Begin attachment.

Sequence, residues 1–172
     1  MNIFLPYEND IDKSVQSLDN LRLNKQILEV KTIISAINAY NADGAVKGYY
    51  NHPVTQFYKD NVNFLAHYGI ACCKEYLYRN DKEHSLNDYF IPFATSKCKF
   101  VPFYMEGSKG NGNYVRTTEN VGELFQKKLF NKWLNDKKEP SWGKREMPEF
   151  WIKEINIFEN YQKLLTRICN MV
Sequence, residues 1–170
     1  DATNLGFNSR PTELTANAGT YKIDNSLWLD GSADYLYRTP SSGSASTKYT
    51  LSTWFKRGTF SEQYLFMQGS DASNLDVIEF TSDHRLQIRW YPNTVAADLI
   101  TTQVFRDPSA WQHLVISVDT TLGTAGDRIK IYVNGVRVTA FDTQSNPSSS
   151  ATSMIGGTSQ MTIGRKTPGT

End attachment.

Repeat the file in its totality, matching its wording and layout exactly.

Sequence, residues 1–172
     1  MNIFLPYEND IDKSVQSLDN LRLNKQILEV KTIISAINAY NADGAVKGYY
    51  NHPVTQFYKD NVNFLAHYGI ACCKEYLYRN DKEHSLNDYF IPFATSKCKF
   101  VPFYMEGSKG NGNYVRTTEN VGELFQKKLF NKWLNDKKEP SWGKREMPEF
   151  WIKEINIFEN YQKLLTRICN MV
Sequence, residues 1–170
     1  DATNLGFNSR PTELTANAGT YKIDNSLWLD GSADYLYRTP SSGSASTKYT
    51  LSTWFKRGTF SEQYLFMQGS DASNLDVIEF TSDHRLQIRW YPNTVAADLI
   101  TTQVFRDPSA WQHLVISVDT TLGTAGDRIK IYVNGVRVTA FDTQSNPSSS
   151  ATSMIGGTSQ MTIGRKTPGT